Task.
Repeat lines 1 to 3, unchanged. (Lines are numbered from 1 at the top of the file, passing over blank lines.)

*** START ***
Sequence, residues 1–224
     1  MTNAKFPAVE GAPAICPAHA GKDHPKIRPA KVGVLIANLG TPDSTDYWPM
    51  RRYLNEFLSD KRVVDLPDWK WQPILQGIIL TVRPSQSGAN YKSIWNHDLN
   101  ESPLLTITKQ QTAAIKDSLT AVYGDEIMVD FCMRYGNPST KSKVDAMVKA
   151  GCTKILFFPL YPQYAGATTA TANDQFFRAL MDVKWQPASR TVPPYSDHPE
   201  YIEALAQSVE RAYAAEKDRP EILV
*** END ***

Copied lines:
Sequence, residues 1–224
     1  MTNAKFPAVE GAPAICPAHA GKDHPKIRPA KVGVLIANLG TPDSTDYWPM
    51  RRYLNEFLSD KRVVDLPDWK WQPILQGIIL TVRPSQSGAN YKSIWNHDLN